Murder of French religious leader shocks world

17th August 2005, Comments 0 comments

TAIZE, France, Aug 17 (AFP) – The French-based ecumenical Taizé community tried to pick up the pieces Wednesday after the fatal stabbing of its popular 90-year-old founder, casting a shadow over a global Catholic youth festival starting in Germany.

TAIZE, France, Aug 17 (AFP) – The French-based ecumenical Taizé community tried to pick up the pieces Wednesday after the fatal stabbing of its popular 90-year-old founder, casting a shadow over a global Catholic youth festival starting in Germany.

Brother Roger Schutz was killed late Tuesday in his Reconciliation church in Taizé, in eastern France's Burgundy region, during an evening prayer service. Roger was attacked with a knife during a service attended by some 2,500 young people.

He was seriously wounded and died from his wounds despite immediate help by rescuers, a community member told AFP.

Police said that a 36-year-old Romanian woman was detained as a suspect. Police said the suspect hit the community founder three times in the back before she could be overpowered.

A state prosecutor, Jean-Louis Coste, told a press conference that the Romanian woman, whom he identified by her first name Luminita, had apparently attacked Schutz "to attract attention but didn't want to kill him," he said.

He said she had tried unsuccessfully to speak with him beforehand, adding that an initial psychiatric evaluation did not suggest she should be committed to a mental institution.

Another community brother said followers had noted her showing signs of "psychological problems" and that she had arrived in Taizé two days earlier.

Brother Roger's funeral service is to take place next Tuesday, in the church where he was stabbed, and he is to be buried in the cemetery of Taizé.

Messages of sadness came from Pope Benedict XVI, French government ministers and other dignitaries.

Brother Roger is replaced by his nominated successor, Brother Alois Leser, a 51-year-old German Catholic who arrived Wednesday to take over the Taizé group.

The Taizé movement started during World War II, when Swiss-born theologian Roger Schutz, living in Taizé, provided a refuge for those fleeing the conflict, irrespective of their religion.

Roger, a Protestant with a degree in theology, devoted his life to the reconciliation between Christian denominations.

He arrived in the village of Taizé, near Cluny, in 1940 at the age of 25 planning to found a religious community.

Started as a Christian men's monastic order focused on meditation and prayer, Taizé has developed over the years into an international pilgrimage site where thousands of people sing, pray and reflect on their beliefs.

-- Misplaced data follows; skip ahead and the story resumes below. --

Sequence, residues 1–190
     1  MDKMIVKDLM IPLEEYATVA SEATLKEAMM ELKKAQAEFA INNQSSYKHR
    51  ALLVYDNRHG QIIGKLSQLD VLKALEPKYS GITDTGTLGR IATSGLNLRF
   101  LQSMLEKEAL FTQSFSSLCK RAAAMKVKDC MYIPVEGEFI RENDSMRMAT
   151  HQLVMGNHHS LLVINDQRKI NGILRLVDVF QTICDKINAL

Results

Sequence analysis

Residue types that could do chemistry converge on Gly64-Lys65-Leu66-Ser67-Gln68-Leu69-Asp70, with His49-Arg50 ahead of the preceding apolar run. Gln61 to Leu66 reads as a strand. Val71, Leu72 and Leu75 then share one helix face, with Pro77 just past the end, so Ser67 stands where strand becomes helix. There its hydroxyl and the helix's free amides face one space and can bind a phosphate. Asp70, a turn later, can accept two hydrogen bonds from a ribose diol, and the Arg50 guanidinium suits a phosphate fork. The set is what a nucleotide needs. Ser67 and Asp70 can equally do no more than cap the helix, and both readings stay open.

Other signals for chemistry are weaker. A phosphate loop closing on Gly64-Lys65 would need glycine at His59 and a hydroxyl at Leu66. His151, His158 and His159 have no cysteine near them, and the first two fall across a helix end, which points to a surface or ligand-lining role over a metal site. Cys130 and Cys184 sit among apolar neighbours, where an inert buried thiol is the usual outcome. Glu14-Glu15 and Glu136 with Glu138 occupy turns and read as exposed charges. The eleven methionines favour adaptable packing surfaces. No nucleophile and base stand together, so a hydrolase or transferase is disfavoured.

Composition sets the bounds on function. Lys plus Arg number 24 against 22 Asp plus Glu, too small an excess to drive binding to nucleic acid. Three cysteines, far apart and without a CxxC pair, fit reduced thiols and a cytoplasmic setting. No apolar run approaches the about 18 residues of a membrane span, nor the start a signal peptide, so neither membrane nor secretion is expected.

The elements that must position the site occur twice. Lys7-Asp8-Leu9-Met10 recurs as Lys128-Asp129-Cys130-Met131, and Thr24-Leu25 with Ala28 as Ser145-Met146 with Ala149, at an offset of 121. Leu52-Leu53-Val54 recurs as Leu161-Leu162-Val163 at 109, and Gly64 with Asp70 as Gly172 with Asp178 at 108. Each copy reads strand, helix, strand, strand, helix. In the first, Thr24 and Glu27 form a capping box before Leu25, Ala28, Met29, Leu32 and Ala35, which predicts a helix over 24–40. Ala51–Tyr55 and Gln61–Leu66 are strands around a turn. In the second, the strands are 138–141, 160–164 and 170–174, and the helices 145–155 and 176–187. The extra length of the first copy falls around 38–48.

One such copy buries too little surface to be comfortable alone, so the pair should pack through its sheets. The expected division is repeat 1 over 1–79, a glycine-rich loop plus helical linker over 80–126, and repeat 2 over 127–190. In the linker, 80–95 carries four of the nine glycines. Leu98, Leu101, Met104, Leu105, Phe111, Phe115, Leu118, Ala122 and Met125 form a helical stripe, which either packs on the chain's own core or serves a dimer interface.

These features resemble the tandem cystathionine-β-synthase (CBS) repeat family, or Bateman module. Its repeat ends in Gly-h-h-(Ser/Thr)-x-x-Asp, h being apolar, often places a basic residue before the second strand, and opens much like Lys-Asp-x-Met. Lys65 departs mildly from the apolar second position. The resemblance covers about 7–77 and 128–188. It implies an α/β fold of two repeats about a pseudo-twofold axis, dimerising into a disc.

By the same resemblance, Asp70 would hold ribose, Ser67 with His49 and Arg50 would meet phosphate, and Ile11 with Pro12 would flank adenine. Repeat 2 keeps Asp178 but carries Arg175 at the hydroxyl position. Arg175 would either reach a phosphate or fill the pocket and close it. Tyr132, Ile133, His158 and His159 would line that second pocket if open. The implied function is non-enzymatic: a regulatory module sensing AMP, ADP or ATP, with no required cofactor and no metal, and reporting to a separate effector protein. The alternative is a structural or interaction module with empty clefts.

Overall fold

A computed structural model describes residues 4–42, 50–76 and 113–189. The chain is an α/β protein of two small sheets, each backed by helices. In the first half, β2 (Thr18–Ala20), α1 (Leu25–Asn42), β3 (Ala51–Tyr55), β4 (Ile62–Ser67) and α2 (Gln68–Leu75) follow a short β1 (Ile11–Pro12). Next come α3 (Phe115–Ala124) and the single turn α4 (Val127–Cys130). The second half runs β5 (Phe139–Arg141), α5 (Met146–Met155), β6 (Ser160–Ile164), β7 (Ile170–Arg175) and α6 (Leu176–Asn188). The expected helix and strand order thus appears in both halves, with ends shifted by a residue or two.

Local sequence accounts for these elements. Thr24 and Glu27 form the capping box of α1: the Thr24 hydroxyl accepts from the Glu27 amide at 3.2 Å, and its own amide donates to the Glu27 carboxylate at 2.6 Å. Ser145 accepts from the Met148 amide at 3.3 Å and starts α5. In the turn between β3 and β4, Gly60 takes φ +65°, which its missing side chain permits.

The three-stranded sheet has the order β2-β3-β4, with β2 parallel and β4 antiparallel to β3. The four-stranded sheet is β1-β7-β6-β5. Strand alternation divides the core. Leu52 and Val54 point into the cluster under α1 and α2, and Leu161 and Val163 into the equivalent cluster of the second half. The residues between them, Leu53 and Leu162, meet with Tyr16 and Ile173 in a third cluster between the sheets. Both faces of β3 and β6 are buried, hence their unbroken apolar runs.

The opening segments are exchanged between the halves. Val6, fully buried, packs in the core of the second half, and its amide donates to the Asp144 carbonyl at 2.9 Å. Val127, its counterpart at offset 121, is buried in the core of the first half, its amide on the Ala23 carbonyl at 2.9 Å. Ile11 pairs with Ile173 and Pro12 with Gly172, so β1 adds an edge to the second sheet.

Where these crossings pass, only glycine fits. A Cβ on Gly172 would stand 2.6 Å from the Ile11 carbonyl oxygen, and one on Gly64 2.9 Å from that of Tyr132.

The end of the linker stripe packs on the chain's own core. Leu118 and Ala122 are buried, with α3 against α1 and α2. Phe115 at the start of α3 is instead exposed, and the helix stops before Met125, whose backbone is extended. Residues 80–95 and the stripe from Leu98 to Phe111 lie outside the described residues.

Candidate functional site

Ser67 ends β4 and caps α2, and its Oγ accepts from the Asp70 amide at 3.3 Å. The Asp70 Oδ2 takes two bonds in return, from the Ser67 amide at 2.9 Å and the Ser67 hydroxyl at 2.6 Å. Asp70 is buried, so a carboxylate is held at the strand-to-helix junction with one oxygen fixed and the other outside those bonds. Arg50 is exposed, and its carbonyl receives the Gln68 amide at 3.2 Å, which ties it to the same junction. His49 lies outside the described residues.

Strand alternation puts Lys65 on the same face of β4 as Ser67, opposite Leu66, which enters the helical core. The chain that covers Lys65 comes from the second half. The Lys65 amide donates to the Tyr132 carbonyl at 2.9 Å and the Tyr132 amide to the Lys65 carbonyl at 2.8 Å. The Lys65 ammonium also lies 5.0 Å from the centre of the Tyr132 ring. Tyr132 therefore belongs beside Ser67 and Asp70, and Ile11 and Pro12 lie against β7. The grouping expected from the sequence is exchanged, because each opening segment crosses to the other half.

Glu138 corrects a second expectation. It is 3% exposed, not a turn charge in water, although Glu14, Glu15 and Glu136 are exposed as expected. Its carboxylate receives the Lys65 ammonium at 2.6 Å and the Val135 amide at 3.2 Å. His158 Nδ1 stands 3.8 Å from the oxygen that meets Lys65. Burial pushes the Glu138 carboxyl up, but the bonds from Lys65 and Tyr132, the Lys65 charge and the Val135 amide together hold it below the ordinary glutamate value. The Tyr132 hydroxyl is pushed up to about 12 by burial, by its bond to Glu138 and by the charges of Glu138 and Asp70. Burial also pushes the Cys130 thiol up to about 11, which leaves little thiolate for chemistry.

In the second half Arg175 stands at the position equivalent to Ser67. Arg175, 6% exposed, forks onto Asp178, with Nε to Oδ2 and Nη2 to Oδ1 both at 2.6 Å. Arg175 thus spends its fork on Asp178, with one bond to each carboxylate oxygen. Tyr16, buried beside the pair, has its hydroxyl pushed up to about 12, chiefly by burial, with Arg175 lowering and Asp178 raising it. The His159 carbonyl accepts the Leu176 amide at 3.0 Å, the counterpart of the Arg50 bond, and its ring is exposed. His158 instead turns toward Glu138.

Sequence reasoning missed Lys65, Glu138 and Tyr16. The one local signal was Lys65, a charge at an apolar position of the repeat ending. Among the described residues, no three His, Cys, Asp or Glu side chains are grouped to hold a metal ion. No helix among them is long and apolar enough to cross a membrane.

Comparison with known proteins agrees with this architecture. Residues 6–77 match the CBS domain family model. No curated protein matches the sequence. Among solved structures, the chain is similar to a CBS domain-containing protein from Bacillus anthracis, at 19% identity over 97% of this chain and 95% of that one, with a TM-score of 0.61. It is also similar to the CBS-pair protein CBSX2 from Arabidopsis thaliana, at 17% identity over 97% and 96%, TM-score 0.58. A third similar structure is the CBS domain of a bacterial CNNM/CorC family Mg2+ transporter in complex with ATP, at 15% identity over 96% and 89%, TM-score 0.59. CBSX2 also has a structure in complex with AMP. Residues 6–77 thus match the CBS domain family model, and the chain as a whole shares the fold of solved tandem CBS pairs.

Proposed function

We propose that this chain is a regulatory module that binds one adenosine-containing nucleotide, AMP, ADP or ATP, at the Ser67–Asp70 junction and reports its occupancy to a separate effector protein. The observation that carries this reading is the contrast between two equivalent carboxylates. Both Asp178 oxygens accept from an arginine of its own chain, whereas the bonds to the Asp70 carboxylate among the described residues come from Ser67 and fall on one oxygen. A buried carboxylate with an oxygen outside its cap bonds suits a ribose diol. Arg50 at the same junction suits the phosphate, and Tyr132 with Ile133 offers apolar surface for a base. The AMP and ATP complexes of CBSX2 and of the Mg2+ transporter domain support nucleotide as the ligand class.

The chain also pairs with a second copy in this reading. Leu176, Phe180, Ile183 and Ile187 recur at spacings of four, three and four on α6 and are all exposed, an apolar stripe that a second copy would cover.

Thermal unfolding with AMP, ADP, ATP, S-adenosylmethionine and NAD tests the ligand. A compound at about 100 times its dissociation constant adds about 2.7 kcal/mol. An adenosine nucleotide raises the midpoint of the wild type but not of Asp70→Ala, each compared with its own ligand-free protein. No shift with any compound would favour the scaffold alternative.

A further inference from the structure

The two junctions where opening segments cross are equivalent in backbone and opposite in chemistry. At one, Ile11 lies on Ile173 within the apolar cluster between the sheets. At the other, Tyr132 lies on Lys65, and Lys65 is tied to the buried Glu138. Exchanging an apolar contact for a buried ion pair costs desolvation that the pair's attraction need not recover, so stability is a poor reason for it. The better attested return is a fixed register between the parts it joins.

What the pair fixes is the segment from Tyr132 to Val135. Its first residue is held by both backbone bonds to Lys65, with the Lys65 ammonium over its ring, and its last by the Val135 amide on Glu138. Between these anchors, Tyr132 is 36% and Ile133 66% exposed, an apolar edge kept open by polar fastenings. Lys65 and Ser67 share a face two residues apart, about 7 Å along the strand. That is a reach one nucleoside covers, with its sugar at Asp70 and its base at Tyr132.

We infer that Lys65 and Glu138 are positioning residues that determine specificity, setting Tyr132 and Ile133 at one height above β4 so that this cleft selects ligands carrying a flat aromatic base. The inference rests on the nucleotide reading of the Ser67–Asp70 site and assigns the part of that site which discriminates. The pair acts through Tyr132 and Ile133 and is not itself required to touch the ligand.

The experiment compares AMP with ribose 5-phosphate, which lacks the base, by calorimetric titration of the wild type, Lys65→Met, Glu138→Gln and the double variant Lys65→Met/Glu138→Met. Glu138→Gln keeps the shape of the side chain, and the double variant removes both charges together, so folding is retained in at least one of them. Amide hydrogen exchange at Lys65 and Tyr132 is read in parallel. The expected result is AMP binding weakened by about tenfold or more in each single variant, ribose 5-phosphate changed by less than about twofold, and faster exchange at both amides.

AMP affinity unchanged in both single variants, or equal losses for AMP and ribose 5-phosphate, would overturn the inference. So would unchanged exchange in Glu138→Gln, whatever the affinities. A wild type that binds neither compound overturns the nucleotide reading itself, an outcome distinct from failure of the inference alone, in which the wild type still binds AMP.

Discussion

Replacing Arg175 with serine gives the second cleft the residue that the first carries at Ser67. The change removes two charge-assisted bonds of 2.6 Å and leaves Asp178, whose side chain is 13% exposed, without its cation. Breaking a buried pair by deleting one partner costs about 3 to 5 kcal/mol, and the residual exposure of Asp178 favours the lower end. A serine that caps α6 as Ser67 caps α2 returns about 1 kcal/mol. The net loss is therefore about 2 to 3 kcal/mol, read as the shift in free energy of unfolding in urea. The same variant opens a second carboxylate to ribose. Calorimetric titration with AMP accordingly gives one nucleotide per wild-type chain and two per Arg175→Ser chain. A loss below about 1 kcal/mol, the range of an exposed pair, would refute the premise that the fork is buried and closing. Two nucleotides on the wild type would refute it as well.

The Taizé community groups members of several Christian denominations from some 30 countries and welcomes tens of thousands of young people every year.

Sources close to the 100-strong group said Brother Roger was about to give up his community functions later this year because of his advanced age. Recently he had suffered from fatigue and often used a wheelchair.

Brother Alois, a 51-year-old German Catholic, was chosen by Brother Roger as his heir-apparent eight years ago and was returning from the World Youth Day jamboree in Cologne to take his place, a community spokesman said.

Brother Alois had been a member of the Taizé group for 32 years and travelled widely in eastern Europe for the community, spokesman Brother Emile said.

Overnight here at the community many young people remained meditating in the church while others wandered around outside, shocked and haggard.

Pope Benedict XVI voiced his sadness at the news during an audience Wednesday at his summer retreat of Castel Gandolfo.

"It is a very sad piece of news which touches me all the more in that I received only yesterday a moving letter from him," the pontiff said.

In the letter, Schutz said he was thinking of the pope and those attending the Catholic World Youth Days festival in Cologne, Germany, the pontiff said.

In Cologne, news of Brother Roger's death provoked consternation among the hundreds of thousands of young Catholics present for the festival, to be attended by Pope Benedict on Thursday.

"All the participants in World Youth Day are praying for this great figure. We express our deep compassion to the Taizé community," one of the organisers, Prelate Heiner Koch, said in a statement.

"The news spread like wildfire in our group," said Marie-Pierre Cockenpot, in charge of a group of 300 young French people at Cologne who often went to Taizé.

"Many were crying, some wanted to leave, saying they didn't have the heart to go on with the festival but we told them Brother Roger would have wanted it to continue," she added.

The president of the French Bishops' Conference, Archbishop of Bordeaux Jean-Pierre Ricard, wrote to the Taizé community expressing his "deep grief" after the murder of "this great figure of a researcher and witness of God, impassioned by unity among Christians and reconciliation."

French Prime Minister Dominique de Villepin said Schutz "will remain in our memories as a towering figure of our religious history," while Interior Minister Nicolas Sarkozy condemned the "atrocious and cowardly act."

Roger was awarded the UNESCO prize for peace education in 1988 and is the author of many books on prayer and reflection, asking young people to be confident and committed.

Copyright AFP

Subject: French news, crime, murder, Taizé, religion, Brother Roger, Brother Alois, Pope Benedict, Cologne

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